Drywall corners around access door - will this work?

Hi all:
I'm in the latter stages of building a play room in an attic space above the garage of my house. It is built into a gabled roof, having 4-foot tall kneewalls along the sides of the room. The space behind the kneewalls will be used for storage, so I will install access doors into the walls. I would like for these doors to be nearly invisible when closed, so I won't be casing them as a conventional opening.
I thought about using a drywall return with metal corner bead, and making a flush plywood door painted the same color as the wall. However, I am concerned that the enevitable bumps when moving items through the opening will eventually bend the corner bead and be difficult to repair. I wonder if I could make a wooden frame around the opening flush with the drywall surface and tape over the wood and mud it like a drywall seam. If it gets dinged, it would be an easier repair, and I could use those fancy Soss invisible hinges for the door (they have to be mortised into the jamb). I am concerned that the drywall-to-wood joint would experience seasonal movement and crack. Will this work? Any alternatives?
Thanks in advance, John.
Add pictures here
<% if( /^image/.test(type) ){ %>
<% } %>
<%-name%>
Add image file
Upload

John I did something similar. Instead of the corner bead I used metal J bead to finish off the edges of the drywall. I then applied joint compound over the bead to even it out and make it invisible. It's been fine for about eight years.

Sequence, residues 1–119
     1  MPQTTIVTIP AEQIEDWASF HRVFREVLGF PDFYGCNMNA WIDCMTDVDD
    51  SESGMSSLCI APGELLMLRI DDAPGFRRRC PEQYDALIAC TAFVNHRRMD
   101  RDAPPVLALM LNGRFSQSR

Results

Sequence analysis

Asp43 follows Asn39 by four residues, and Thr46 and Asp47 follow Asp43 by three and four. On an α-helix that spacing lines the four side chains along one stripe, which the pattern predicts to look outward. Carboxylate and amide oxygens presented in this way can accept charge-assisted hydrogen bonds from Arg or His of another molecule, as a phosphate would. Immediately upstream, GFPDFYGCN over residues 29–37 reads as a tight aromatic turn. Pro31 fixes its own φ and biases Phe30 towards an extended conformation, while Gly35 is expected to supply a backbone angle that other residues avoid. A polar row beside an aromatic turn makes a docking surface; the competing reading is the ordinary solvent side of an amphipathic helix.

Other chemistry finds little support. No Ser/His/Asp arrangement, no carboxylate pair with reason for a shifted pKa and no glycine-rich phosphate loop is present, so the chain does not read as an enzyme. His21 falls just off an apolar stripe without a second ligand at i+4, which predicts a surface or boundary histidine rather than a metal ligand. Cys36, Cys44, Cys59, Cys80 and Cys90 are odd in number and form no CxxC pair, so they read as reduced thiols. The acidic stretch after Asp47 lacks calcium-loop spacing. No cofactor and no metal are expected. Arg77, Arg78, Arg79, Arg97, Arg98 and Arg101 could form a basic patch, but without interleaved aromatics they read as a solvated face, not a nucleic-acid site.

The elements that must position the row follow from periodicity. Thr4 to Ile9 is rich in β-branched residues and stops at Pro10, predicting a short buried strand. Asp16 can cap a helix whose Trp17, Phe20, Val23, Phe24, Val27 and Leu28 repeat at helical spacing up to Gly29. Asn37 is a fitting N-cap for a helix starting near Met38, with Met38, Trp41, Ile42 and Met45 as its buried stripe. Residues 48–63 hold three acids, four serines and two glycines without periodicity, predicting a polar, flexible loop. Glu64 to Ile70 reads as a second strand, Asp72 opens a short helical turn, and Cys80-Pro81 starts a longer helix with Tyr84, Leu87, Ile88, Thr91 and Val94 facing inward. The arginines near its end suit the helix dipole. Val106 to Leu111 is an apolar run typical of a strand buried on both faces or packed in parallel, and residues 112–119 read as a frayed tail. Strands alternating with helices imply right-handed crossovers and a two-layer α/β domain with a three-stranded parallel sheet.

I bought a set of Soss hinges, but the ones I got need to go into a very thick door. I just made a plywood door with 1" x 3" around the back side and skim coated it. I used several small cabinet hinges and the hinge pins are not that visible.
Make your frame out of double 2" x 4"s all around and it won't shift.
I put a small block of wood on the upper and lower corner and put 1/4-20 Tee nuts on them. I countersunk two holes on the door and use 1/4-20 flat head bolts to keep it closed. To get in you need to use a screwdriver which discourages kids. I also used weather-stripped molding on the back side to keep air from passing through easily.
Add pictures here
<% if( /^image/.test(type) ){ %>
<% } %>
<%-name%>
Add image file
Upload
the_tool_man wrote:

I recommend a finish other than wallboard. If you use car siding or beadboard, you can make a _truly_ invisible door. The latches can be the magnetic type seen on glass doors.
--
Steve Bell
New Life Home Improvement
  Click to see the full signature.
Add pictures here
<% if( /^image/.test(type) ){ %>
<% } %>
<%-name%>
Add image file
Upload

Yes the drywall to wood joint WILL crack. Instead I would put L Bead around trim and caulk the joint....However I like the J Bead on the drywall and flush plywood door you mentioned first unless it was going to be used for a closet and opened every day ....Good luck.....
Add pictures here
<% if( /^image/.test(type) ){ %>
<% } %>
<%-name%>
Add image file
Upload

Site Timeline

HomeOwnersHub.com is a website for homeowners and building and maintenance pros. It is not affiliated with any of the manufacturers or service providers discussed here. All logos and trade names are the property of their respective owners.